CT Scans Increase Threefold in Emergency Rooms, Raising Costs

Use of advanced radiology to assess injuries increased about threefold over 10 years in emergency rooms in the U.S., raising costs and possibly adding to cancer risk, researchers said.

About 15 percent of the 6,567 patients with injuries who came to emergency departments in 2007 in cases surveyed by the researchers received computerized tomography or magnetic resonance imaging scans, according to the study from Johns Hopkins University in Baltimore. That compared with about 6 percent of 5,237 in 1998, the researchers said today in the Journal of the American Medical Association.

Increased use of CT scans is linked with higher health-care costs, longer emergency-room stays and more radiation exposure, which may lead to cancer, the authors wrote. Future research should determine why CT scan use is rising and how to target imaging to those most in need, according to the article.

“We need to be smarter about imaging and we need to really look at the clinical situation and ask the question, ‘Does this patient really need the study?’” said David Waldman, chairman of the Department of Imaging Sciences at the University of Rochester Medical Center, in Rochester, New York, who wasn’t involved in the study. “Just because it’s easy now to get a CT scan doesn’t mean it’s the right thing to do.”

CT scans provide more details than a traditional X-ray. The scanners are made by Fairfield, Connecticut-based General Electric Co., Tokyo-based Toshiba Corp., Munich-based Siemens AG, and Amsterdam-based Royal Philips Electronics NV.

Spending Doubles

Annual spending on CT imaging more than doubled to $2.17 billion by 2007 from $975 million in 2000, according to a U.S. Government Accountability Office report cited by the study’s authors.

The researchers in the study used data from the National Hospital Ambulatory Medical Care Survey to determine trends in the use of radiology during emergency department visits from 1998 to 2007.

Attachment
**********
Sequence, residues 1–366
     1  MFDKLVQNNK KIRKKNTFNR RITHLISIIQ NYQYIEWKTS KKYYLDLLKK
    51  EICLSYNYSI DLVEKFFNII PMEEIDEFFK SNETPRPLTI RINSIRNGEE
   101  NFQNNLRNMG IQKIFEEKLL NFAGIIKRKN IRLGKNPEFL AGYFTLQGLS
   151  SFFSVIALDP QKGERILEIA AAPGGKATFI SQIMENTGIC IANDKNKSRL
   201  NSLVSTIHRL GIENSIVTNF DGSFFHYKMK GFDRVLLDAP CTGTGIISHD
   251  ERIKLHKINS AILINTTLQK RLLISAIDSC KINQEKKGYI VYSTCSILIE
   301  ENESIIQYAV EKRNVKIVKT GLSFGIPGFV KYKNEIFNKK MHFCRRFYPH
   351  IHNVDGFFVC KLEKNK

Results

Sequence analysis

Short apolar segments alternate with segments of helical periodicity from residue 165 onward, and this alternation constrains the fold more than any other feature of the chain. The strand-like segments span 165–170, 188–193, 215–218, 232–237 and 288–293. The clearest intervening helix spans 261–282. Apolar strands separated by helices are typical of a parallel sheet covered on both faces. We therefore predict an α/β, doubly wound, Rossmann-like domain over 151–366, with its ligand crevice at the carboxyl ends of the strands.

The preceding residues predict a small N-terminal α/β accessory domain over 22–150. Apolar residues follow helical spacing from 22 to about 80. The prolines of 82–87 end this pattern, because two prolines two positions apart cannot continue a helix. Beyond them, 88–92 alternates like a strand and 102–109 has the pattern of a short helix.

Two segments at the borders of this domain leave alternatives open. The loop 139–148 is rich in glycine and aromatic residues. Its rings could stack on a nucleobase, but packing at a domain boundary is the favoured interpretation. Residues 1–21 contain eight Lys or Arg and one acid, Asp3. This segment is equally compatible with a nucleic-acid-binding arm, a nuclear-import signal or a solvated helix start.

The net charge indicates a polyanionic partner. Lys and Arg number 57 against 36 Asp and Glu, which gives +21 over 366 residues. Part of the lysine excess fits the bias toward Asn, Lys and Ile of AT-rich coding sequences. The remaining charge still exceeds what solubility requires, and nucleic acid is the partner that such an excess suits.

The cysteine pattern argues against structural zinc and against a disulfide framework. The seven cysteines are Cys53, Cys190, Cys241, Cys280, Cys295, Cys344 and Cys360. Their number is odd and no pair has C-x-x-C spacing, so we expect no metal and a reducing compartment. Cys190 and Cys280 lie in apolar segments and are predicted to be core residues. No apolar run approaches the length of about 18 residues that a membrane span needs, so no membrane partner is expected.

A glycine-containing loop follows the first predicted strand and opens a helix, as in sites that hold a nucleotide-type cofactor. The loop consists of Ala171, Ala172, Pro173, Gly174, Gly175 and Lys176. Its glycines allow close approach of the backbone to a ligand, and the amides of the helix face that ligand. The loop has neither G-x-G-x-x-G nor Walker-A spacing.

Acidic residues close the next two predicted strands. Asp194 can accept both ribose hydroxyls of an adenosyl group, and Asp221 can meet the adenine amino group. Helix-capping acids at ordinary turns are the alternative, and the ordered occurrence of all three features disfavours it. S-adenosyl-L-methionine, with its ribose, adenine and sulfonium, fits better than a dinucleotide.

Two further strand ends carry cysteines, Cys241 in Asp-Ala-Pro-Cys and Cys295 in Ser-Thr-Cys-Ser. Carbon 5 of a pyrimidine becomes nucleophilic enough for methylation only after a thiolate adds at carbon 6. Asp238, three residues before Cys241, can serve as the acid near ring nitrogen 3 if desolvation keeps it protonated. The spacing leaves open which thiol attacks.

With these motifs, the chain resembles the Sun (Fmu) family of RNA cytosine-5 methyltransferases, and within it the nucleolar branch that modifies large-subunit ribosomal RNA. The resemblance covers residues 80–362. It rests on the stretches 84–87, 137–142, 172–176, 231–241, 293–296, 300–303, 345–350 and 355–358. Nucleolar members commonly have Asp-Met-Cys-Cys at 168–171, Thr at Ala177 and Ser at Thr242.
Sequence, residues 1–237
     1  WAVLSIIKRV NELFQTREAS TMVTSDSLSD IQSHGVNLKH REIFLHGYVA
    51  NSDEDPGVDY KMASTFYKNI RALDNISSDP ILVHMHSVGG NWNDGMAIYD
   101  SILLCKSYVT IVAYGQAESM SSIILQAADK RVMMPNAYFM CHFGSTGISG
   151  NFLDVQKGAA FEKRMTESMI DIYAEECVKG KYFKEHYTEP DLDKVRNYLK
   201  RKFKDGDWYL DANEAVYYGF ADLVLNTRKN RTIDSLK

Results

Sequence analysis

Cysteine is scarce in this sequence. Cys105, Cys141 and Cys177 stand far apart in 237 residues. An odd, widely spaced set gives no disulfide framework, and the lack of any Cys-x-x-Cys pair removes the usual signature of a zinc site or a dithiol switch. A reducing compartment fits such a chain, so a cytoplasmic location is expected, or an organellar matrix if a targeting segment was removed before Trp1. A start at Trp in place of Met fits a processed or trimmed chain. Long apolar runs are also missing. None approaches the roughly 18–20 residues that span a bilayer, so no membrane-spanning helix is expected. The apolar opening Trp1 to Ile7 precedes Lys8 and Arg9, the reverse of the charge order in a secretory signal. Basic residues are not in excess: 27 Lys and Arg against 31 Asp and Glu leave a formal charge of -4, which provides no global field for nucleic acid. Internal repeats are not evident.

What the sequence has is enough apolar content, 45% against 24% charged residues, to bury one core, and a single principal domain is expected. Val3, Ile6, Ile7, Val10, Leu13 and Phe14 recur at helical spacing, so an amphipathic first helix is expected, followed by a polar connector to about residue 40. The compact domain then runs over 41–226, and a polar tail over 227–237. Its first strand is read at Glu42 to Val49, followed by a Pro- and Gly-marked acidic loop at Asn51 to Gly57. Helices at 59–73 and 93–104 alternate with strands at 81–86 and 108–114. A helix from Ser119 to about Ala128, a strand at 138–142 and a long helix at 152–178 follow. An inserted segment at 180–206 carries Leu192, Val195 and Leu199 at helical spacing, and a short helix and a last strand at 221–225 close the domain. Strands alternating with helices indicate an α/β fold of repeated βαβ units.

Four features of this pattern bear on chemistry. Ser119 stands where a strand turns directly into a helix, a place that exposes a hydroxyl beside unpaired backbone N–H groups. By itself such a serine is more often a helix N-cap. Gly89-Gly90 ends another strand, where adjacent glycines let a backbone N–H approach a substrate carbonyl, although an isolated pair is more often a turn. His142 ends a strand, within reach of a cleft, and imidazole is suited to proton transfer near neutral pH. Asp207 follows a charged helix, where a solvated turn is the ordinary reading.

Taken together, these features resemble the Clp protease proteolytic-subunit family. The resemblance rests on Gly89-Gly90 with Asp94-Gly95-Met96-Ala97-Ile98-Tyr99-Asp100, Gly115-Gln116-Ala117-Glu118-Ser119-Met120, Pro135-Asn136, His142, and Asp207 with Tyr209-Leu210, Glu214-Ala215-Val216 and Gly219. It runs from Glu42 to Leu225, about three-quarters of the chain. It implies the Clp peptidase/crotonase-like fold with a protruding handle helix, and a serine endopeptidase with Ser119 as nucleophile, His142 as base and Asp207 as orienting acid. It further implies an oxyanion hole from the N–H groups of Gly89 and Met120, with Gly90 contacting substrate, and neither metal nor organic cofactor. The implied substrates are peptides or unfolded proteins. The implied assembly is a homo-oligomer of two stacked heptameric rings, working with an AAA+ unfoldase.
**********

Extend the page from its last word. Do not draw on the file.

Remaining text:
The scientists reviewed the cases of 65,376 people treated for injuries from events such as falls and car accidents. The cases were deemed representative of an estimated average of 22.4 million injury-related visits to emergency rooms each year.

Patients were 3.43 times more likely to receive a CT scan or MRI in 2007 than those in 1998, according to the study.

The percentage of patients diagnosed with life-threatening conditions, such as cervical spine fractures, was 2 percent in 2007 compared with 1.7 percent in 1998. Almost no change was seen in the proportion of hospital admissions for these patients, the study showed.

Message for Public

“Using CT and MRI scans comes at a cost and the cost is financial,” Frederick Kofi Korley, the lead study author and an assistant professor of emergency medicine at Johns Hopkins, said in a telephone interview on Oct. 1. “For the general public the message is, a scan is not always absolutely necessary.”

Health-care spending was $1.1 trillion in 1998, or an average of $4,094 a person and representing 13.5 percent of the gross domestic product, according to the U.S. Department of Health and Human Services.

In 2007, health-care spending was $2.2 trillion, or $7,421 a person, and represented 16.2 percent of GDP, the department reported.

Among the reasons CT scan use may be rising are that more patients ask for the tests, doctors feel they may gain more diagnostic information, more emergency departments have the scanners, and doctors may fear being sued for failing to use the technology, said Rita Redberg, a professor of medicine at the University of California, San Francisco.

A December study in the Archives of Internal Medicine found that radiation from CT scans may cause cancer decades later. A second study at the same time showed that radiation doses from CT scans vary and are higher than previously thought.

Redberg, an editor of the Archives who wrote an editorial accompanying the December studies, said she wants to see data to assess whether the use of CT scans has declined this year.

“I’m hoping in the last few months there have been some more thoughtful use of CT scans,” Redberg said in a telephone interview on Oct. 1.

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